TheaterMania Logo

EST Marathon 2008 Series B

Strong entries from Neil LaBute, David Zellnik, Taylor Mac, and Anne Washburn highlight this solid line-up of one-acts. logo
Grant Shaud and Laila Robbins
in The Great War
(© Jen Maufrais Kelly)
EST Marathon 2008 Series B features one of the more solid line-ups of one-acts that I've seen so far in this long-running annual festival. The most well known name on the bill is playwright Neil LaBute, who offers up The Great War, about a nameless man and woman who are about to get a divorce after what the husband describes as "nine years of pretty much hell." Grant Shaud brings a sad desperation to his character, and despite his harsh words you get the feeling that he actually does still love his wife. Laila Robins, on the other hand, is blunt and cruel, making the most demeaning remarks possible, then following them up with statements like, "I don't say any of that stuff with malice." LaBute keeps the insults flying, but director Andrew McCarthy wisely allows the work's humor to shine through.

David Zellnik's Ideogram also contains a lot of laughs. The amusing premise of this short sketch is that Caucasian stock broker Jasper (Bryan Fenkart) gives his Chinese-American co-worker Drew (Pun Bandhu) a birthday card on which he's doodled made up Chinese characters. But it turns out the writing is not only actual Chinese, it's poetry. Jasper is hailed by an old Chinese woman named Wei (Siho Ellsmore) as a great poet, and she soon has him writing short stories and plays that she claims are getting productions all across China, and then being censored by the government. The playlet, directed by Abigail Zealey Bess, smartly skewers a number of Orientalist motifs even as it employs them. It also keeps a nice balance between whimsy and mystery. Is Jasper really a great Chinese writer, or is one or more of the other characters pulling his leg?

The most ambitious piece of the evening is Taylor Mac's Okay, set in the girls' bathroom during a 2003 high school senior prom. It begins with prom queen Stephanie (Susannah Flood) rushing into a stall because she's about to give birth. While she's in there, a number of other characters come in and out of the restroom, including Stephanie's best friend Jordan (Kether Donohue), a couple of girls doing drugs (Olivia Mandell and Jessica Jade Andres), a drunken teen (Johnny Pruitt), and a couple of gay boys looking to hook up (Bobby Moreno and Danny Fernandez). Several of them get to deliver disturbing, yet oddly humorous monologues that touch on everything from the terrorist attacks of September 11, 2001 to an internet hookup involving an obese man who is missing a penis. While there's an absurdist quality to the piece, reminiscent of some of Christopher Durang's work (except a bit more twisted), there's also a strong emotional undercurrent that finds a satisfying resolution in the final encounter between Stephanie and Jordan.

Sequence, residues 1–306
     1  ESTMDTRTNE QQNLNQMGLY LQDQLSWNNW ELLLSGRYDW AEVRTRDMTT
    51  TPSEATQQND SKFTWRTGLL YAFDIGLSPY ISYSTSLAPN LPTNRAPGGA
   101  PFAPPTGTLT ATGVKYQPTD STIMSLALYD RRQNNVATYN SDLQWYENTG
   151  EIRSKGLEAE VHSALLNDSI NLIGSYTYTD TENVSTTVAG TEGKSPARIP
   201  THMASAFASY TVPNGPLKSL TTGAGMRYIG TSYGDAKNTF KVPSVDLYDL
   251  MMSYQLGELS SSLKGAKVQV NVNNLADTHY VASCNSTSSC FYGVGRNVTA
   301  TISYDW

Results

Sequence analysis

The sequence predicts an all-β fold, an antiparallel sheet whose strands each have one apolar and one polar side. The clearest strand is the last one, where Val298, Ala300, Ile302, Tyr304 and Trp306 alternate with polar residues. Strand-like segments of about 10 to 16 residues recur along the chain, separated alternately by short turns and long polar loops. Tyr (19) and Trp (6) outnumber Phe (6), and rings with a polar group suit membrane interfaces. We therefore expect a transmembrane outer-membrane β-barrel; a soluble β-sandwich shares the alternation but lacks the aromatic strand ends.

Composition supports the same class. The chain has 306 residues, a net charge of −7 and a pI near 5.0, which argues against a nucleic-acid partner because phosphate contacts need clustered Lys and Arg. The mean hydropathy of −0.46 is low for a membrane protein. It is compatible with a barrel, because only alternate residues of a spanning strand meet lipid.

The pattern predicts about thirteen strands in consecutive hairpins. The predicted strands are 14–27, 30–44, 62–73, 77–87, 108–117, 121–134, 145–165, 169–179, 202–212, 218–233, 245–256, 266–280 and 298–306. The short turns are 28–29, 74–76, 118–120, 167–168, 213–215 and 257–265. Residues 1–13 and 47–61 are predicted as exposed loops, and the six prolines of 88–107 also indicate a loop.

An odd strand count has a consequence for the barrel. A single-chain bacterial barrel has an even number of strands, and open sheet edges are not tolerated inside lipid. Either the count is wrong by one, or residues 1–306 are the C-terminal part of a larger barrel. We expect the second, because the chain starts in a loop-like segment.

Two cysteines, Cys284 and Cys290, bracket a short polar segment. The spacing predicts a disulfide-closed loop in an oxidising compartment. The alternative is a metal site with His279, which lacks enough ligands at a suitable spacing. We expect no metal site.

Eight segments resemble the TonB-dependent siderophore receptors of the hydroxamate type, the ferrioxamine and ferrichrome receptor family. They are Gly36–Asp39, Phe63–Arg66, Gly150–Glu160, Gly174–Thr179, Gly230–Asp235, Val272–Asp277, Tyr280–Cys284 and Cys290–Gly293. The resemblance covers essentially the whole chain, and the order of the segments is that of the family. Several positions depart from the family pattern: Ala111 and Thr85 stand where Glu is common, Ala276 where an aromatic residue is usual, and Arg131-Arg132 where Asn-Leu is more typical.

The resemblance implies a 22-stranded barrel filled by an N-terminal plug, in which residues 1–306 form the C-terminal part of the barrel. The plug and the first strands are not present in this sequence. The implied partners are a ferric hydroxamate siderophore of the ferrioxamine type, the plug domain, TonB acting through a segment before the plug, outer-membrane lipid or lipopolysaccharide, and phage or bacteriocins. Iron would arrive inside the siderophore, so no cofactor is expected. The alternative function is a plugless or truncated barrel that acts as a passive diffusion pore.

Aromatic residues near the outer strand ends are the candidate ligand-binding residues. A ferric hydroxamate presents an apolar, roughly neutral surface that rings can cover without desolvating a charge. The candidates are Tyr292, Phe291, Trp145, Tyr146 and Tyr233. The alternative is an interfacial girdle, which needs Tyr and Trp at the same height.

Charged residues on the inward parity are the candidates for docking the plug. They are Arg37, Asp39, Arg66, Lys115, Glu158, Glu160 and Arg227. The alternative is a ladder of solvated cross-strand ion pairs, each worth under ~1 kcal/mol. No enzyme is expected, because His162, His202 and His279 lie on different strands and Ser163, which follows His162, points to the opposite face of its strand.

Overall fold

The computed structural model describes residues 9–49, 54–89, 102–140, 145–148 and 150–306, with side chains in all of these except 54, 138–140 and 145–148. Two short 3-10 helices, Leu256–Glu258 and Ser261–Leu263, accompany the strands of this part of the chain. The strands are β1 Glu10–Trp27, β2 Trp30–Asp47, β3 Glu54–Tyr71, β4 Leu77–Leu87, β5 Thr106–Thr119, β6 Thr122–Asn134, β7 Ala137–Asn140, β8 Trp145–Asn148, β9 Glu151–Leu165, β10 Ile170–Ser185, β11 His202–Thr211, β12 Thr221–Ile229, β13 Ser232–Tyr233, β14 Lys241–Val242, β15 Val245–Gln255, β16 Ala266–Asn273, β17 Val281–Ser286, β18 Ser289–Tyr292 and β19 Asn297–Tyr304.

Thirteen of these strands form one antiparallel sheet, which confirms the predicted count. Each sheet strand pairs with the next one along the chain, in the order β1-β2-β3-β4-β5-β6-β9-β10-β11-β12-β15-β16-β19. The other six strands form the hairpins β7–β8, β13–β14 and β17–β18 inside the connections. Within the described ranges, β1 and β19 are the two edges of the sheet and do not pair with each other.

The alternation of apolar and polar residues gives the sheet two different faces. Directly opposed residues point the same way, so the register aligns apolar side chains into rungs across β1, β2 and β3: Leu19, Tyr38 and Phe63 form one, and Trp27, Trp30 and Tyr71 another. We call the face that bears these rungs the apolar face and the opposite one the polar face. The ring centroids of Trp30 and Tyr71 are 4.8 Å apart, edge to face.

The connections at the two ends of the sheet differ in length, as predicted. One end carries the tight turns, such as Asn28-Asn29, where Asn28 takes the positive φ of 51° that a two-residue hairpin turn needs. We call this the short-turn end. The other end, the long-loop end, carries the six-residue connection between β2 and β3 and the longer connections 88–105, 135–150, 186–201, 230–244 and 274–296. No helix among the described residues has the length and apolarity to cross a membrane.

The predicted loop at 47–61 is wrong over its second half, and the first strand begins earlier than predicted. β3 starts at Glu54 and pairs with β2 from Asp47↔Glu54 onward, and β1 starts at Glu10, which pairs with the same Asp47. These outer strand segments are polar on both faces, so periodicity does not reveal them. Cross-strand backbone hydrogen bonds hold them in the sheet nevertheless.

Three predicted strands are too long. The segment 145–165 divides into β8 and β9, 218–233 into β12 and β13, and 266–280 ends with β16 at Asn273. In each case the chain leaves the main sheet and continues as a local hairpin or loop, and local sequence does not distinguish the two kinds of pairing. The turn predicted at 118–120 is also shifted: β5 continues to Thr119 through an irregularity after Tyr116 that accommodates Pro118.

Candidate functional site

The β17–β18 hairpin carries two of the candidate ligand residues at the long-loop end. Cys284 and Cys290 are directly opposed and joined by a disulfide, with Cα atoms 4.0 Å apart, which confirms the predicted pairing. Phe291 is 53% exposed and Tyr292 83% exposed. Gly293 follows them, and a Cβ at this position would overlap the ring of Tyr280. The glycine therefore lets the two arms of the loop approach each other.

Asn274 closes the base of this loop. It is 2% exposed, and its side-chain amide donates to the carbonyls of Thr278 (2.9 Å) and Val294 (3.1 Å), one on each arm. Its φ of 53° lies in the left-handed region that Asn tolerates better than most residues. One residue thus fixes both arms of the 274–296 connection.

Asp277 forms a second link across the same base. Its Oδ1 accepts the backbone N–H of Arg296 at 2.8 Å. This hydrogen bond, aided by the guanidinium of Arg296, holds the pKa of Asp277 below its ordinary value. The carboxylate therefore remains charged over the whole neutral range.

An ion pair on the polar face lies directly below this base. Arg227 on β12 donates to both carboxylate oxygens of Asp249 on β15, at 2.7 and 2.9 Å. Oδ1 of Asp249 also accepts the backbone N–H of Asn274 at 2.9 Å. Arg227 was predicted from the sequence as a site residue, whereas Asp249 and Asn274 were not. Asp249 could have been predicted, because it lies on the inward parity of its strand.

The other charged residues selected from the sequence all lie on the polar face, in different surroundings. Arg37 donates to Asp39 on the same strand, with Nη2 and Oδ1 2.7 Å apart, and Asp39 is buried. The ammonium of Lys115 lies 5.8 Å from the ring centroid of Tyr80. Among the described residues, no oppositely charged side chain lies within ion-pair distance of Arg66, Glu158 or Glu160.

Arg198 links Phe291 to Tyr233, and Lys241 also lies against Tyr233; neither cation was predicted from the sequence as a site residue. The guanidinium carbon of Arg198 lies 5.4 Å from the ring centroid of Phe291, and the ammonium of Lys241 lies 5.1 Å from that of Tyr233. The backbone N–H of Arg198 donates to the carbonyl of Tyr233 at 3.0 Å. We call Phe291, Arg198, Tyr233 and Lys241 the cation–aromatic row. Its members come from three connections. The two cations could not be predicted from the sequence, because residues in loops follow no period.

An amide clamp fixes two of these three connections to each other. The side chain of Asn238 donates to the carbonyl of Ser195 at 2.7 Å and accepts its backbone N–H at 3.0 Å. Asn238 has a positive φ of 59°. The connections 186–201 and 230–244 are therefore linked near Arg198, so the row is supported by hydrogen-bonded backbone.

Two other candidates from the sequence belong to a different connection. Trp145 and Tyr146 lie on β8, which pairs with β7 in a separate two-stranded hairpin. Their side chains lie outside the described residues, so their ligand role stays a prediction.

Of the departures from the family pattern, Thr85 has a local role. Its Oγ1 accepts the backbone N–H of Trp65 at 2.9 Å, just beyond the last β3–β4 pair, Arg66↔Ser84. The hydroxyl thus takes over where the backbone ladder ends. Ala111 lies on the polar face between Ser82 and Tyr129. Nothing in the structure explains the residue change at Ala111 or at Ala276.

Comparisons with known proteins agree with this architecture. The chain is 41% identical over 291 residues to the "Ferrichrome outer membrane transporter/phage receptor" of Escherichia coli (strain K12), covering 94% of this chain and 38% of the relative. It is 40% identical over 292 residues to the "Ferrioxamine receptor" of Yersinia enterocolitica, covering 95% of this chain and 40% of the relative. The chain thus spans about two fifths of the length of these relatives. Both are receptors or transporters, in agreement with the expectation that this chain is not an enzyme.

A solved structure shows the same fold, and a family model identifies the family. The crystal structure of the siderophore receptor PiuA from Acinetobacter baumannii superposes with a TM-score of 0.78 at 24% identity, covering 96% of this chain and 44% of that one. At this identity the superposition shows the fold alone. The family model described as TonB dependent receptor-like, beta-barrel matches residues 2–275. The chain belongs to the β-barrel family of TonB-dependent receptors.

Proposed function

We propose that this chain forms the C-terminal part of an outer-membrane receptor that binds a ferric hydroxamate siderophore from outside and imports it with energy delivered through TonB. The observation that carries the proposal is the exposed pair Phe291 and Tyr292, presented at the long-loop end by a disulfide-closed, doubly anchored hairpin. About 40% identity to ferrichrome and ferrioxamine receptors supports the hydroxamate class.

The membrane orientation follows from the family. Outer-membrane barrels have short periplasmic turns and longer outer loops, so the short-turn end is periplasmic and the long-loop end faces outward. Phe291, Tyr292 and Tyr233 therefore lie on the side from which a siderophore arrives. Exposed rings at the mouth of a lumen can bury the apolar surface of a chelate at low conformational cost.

In Anne Washburn's October/November, the playwright showcases a number of brief encounters between 16-year-old Nikkie (Amelia McClain) and 13-year-old David (Gio Perez). McClain tends to push a little too hard with her characterization, but Perez is wonderfully low-key, and gets to deliver a few beautifully written monologues that are poetic and tender. The piece has a nice arc, but also seems somewhat incomplete. Nikkie remains a mystery throughout, serving as more of a catalyst for David's journey. It wouldn't surprise me if this was a section of a longer play that I will, hopefully, one day get to see.

The one disappointment of the evening is the curtain-raiser, Happy Birthday, William Abernathy, written by Lloyd Suh and directed by Deborah Hedwall. It's a dialogue between the Irish-American title character (Joe Ponazecki), who is celebrating his 100th birthday, and his Korean-American great-grandson, Albert (Peter Kim). The piece hinges on a dark secret that Abernathy wants to pass on, but there's far too much exposition for such a brief piece and the message -- about the weight of shame -- seems a little too simplistic.

On a design note, the speed in which Maiko Chii's set is transformed between the separate plays is quite impressive -- particularly since each stage environment seems nicely tailored to the five individual productions.


For TheaterMania's review of EST Marathon 2008 Series A, click here.

Tagged in this Story